The great oil debacle in the Gulf of Mexico has made many travelers nervous about their upcoming vacations to Florida, Alabama, Mississippi, Louisiana, and Texas. The news is full of conflicting reports: First BP said there are â€śinsignificantâ€ť amounts of oil leaking; then it was estimated at 800,000 gallons per day. The latest capping efforts are capturing some oil, but the percentage is debatable. The oil poses a very real threat to the eco-system and the economy of the states, and some tar balls are making their way to some beaches, but does it pose a threat to your vacation?
At this time, no travel warnings have been issuedÂ and the communities along the Gulf Coast are indeedÂ open for business. The various tourism boards are working hard to get the message out that their regional beaches, hotels, restaurants and attractions still welcome travelers. That doesnâ€™t mean that you should stick your head in the sand, so to speak! For example, most of the Florida beaches remain unaffected, but as a traveler, your best bet is to stay informed before your go. Because conditions do change over time, you can check with the local tourism department or convention bureau of the area you plan to visit for updates regarding recreational swimming, diving, fishing, or the safety of eating local seafood.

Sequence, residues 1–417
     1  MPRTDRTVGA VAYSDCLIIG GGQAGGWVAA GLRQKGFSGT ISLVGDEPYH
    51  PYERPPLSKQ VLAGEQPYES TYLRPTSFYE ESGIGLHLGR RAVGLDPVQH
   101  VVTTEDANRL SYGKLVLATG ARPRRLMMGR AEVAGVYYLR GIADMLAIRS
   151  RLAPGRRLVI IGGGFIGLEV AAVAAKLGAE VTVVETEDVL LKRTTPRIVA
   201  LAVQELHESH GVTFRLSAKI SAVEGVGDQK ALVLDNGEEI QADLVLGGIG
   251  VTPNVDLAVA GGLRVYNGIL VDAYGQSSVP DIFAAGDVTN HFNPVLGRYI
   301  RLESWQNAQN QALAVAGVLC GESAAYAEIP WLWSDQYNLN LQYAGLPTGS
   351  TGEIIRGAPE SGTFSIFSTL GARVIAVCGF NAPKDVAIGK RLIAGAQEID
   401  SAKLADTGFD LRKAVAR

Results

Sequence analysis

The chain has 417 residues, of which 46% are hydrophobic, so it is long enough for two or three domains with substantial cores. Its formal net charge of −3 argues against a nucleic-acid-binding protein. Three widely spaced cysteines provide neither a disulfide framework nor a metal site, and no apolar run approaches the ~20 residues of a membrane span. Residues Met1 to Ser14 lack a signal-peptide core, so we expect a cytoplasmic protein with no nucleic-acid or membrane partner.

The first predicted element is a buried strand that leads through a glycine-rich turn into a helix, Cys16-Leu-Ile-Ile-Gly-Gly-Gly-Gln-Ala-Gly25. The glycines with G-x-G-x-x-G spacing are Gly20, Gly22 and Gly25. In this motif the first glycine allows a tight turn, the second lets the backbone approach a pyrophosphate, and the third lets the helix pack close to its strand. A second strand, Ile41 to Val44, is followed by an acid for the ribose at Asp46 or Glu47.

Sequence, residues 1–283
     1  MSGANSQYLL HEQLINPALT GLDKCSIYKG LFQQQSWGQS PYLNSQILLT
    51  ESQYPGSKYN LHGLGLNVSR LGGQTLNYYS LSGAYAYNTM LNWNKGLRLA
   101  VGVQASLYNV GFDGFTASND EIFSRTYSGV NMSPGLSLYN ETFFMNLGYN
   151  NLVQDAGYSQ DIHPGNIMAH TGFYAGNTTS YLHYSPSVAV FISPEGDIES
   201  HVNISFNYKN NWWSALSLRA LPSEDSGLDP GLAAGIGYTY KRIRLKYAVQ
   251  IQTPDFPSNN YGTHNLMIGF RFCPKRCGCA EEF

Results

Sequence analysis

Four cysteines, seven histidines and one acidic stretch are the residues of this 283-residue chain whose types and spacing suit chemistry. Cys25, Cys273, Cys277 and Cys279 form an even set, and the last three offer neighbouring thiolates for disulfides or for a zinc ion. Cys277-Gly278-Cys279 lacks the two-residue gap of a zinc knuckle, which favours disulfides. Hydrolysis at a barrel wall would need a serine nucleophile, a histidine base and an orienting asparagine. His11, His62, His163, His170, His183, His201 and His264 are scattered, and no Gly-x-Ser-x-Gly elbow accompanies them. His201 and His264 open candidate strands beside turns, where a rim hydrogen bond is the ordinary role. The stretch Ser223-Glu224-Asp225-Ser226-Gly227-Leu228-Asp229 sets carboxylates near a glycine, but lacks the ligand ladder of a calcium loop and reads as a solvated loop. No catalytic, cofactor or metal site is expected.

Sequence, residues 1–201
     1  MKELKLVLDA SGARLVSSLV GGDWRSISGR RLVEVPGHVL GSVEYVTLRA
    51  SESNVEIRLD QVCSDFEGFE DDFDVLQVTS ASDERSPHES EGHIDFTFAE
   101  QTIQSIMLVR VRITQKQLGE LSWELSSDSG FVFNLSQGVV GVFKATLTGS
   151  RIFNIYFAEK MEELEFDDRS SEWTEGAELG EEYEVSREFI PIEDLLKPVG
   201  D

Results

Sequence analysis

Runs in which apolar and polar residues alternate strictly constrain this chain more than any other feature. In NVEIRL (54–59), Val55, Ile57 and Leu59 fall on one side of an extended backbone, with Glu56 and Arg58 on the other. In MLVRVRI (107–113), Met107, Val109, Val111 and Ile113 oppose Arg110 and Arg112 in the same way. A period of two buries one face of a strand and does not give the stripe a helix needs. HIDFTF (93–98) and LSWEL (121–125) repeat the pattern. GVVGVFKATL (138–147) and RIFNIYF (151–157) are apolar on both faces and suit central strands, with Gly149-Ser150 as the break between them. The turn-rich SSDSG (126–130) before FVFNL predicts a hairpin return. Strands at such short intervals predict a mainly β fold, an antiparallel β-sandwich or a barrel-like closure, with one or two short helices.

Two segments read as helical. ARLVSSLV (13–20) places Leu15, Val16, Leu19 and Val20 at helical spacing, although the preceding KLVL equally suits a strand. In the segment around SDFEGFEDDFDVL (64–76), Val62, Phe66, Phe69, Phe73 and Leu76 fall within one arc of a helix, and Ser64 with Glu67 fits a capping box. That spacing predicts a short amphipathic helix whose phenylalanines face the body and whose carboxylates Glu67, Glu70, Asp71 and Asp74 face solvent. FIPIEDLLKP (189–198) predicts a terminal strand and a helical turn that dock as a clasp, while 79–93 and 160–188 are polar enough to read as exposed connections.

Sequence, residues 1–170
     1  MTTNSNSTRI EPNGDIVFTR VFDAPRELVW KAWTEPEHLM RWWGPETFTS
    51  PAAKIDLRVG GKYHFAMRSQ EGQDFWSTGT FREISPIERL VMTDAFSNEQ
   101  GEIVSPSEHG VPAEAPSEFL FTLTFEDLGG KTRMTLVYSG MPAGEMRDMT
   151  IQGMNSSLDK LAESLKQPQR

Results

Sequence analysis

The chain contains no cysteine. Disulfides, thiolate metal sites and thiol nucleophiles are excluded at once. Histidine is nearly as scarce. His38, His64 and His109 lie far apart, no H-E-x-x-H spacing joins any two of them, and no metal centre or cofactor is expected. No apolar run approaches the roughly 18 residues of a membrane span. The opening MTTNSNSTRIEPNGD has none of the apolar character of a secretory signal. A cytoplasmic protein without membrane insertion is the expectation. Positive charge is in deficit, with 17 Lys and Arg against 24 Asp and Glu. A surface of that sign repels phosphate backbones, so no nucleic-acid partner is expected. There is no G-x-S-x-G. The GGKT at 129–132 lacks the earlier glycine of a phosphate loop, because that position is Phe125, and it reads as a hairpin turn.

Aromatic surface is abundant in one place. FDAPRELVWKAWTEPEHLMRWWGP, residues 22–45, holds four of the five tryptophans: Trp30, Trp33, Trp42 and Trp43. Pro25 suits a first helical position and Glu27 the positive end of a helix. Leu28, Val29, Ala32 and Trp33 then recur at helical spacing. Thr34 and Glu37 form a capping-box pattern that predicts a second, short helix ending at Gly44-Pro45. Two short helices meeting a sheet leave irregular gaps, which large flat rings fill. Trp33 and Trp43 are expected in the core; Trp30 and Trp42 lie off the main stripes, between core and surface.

Two official sites that maintain updates on BPâ€™s progress in closing the well, fishing ground closures, trajectory maps, and volunteer opportunities are National Oceanic and Atmospheric Administration and the official Deepwater Horizon Response website.
If you purchased travel insurance beforeÂ the oil well explosion, you may beÂ covered for cancellations; however, do not assume that you can beÂ refunded unless there is documented travel disruption in the specific area you will be visiting. Again, at time of this publication, there is NO CAUSE TO CANCEL, so insurance would not cover you. See TravelMaestroâ€™s related post on travel insurance Â and contact your travel advisor to clarify your unique situation.
We all hope for minimal impact to the fragile eco-systems in the Gulf and Gulf Coast. We all hope that the economies of those areas are not adversely affected by this egregious problem. For now, one way to help is to go ahead and take your planned vacation to the Gulf Coast and continue to support the economy of the area. When you go home, tell your friends what a good time you had and what wonderful seafood you ate. Spread the word that all is not lost and weâ€™ll keep our fingers crossed that the effect on the eco-system and the economy doesnâ€™t get worse.